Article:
Late last year, when, for lack of a better term, a coup was staged against Aram Gharabekian, artistic director and conductor of the NCOA, I was among thousands of fans who hoped that the matter would be resolved quickly and equitably, and that the illustrious ensemble which Gharabekian led would return to the stage under his baton. But our hopes were dashed in short order. Indeed, the fracas grew only louder and more embarrassing, despite the fact that Gharabekian preferred to resign at the outset rather than be part of a hideous debacle.
Today, six months into the controversy, the cabal of musicians which engineered the resignation of Gharabekian remains relentless in its mud-slinging, dead-set on making certain that the popular conductor will never return.
It must be stressed that not all Armenian media outlets joined the small yet highly organized chorus of Gharabekian’s detractors. Indeed, many news organizations stood firmly in support of the conductor, or at least insisted on treating the dispute even-handedly, though their voices of fairness and sobriety seem to have been muffled by that of the defamers.
If the misdeeds of these individuals are not entirely surprising, one has ample reason to be taken aback by the lack of constructive intervention on the part of the Armenian government, the Ministry of Culture in particular, which has a direct say in the affairs of the NCOA. Let us not forget the word “constructive.” Although the Ministry of Culture has not accepted Gharabekian’s resignation, today it still allows some musicians of the orchestra to perform under the name of NCOA and under the direction of other conductors, adding insult to injury.
As a fundraising and NGO-development specialist, I lament Gharabekian’s exit and the possible subsequent decline of the orchestra, because I see these twin events as a severe blow to Armenian culture, with repercussions for the worldwide Armenian community.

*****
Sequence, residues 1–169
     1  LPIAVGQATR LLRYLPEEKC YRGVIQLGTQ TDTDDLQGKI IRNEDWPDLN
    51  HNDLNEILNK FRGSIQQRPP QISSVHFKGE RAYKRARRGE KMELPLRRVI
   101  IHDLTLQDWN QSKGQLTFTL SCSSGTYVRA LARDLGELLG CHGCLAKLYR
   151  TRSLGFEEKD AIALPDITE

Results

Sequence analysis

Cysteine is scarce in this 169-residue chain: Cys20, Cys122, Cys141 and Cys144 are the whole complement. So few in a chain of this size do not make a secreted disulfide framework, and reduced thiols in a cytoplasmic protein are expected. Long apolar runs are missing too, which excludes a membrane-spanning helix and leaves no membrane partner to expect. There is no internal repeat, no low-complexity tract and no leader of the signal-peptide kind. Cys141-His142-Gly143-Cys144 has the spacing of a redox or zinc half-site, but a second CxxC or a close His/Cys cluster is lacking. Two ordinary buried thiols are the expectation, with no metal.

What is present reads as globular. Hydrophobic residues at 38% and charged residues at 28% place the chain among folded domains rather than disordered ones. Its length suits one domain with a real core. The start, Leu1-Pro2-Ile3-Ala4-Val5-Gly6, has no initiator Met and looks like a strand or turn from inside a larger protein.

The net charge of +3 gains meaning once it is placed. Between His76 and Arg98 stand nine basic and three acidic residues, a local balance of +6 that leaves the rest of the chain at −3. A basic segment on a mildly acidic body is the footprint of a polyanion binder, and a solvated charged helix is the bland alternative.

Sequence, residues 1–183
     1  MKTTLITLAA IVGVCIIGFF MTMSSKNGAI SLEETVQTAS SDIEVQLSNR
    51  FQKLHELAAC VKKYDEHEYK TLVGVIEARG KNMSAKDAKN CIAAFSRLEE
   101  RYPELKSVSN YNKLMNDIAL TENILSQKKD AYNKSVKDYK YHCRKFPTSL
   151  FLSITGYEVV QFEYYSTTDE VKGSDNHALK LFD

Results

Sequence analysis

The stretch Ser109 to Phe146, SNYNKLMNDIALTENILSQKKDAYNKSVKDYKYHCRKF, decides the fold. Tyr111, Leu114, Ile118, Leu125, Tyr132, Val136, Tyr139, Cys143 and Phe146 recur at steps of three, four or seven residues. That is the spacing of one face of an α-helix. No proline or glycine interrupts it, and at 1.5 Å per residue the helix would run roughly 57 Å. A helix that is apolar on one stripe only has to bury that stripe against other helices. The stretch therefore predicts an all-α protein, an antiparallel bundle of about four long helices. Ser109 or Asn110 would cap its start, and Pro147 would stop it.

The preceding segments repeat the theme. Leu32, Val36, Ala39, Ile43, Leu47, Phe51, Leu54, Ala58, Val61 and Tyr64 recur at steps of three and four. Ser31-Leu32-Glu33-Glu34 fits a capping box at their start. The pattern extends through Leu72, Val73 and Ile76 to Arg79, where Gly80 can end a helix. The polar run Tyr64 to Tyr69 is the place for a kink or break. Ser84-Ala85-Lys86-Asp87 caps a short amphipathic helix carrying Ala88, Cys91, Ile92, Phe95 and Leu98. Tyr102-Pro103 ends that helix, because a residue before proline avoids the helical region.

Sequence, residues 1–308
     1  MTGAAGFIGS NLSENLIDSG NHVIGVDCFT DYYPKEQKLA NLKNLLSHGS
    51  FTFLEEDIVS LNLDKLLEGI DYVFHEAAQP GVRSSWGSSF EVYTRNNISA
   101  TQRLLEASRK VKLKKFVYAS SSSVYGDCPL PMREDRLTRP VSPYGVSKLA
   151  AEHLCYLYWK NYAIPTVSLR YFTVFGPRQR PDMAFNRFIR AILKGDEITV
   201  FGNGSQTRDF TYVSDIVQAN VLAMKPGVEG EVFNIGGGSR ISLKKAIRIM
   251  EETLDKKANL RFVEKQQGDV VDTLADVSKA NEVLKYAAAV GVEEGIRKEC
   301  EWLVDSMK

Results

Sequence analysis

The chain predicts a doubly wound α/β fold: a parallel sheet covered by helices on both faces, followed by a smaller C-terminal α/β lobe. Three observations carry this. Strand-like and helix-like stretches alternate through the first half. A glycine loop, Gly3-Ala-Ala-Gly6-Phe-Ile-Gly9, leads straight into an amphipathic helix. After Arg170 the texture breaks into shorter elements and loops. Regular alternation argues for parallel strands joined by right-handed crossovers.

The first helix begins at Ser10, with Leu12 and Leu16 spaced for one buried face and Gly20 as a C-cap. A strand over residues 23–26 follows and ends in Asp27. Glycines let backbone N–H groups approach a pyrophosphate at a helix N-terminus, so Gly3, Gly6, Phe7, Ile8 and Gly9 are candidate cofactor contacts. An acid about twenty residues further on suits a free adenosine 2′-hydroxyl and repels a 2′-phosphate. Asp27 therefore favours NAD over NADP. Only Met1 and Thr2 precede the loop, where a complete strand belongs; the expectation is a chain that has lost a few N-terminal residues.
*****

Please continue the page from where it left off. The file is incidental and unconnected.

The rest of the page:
Under Gharabekian’s baton, the NCOA helped make Armenia a prominent musical force on the world stage. The orchestra performed in Armenia and internationally, and played a critical role in fostering young Armenian talent. It also brought the inspiration and exuberance of the musical arts to the Armenian grass roots, by performing concerts in various regions of Armenia. Furthermore, last year Gharabekian launched the Open Music Fest, an international music festival that enchanted thousands in Yerevan and earned global acclaim, once again helping make our homeland shine as a cultural hub and tourist destination.
When investors and philanthropists support such major cultural endeavors as the Open Music Fest, they do so precisely because they like to see the kinds of results which Gharabekian delivered. Those results, ultimately, are to the benefit of Armenia’s long-term cultural health and dynamism. They boost the country’s cultural self-confidence, promote tourism, encourage indigenous artistic talent, and enhance Armenia’s prestige in the global arena. Conversely, when a highly dedicated and accomplished artist such as Gharabekian is forced out of the picture, and, worse, made into a pariah, by his own peers, and his own government, supporters of Armenian culture begin to think twice before funding the next big project. In the end, of course, it’s not a particular project or musical ensemble that suffers, but Armenian culture itself. We all lose.
In fact, we have been losing for the past two decades. Losing our greatest talents to out-migration. Losing our cultural potential and self-esteem. Losing the argument for a certain cultural vitality that transcends the dour socio-economic woes still faced by an ever-expanding majority of Armenian citizens. And losing sight of the absolutely urgent need to regain our way.
For some time now, Armenia’s Ministry of the Diaspora has appealed to Armenians everywhere “to come back home.” I believe there can be only one reply to this plea: it’s time that Armenia transform itself radically, constructively, daringly — not only to convince its children to come back, but to prevent the exodus of another 700,000 in the next two decades.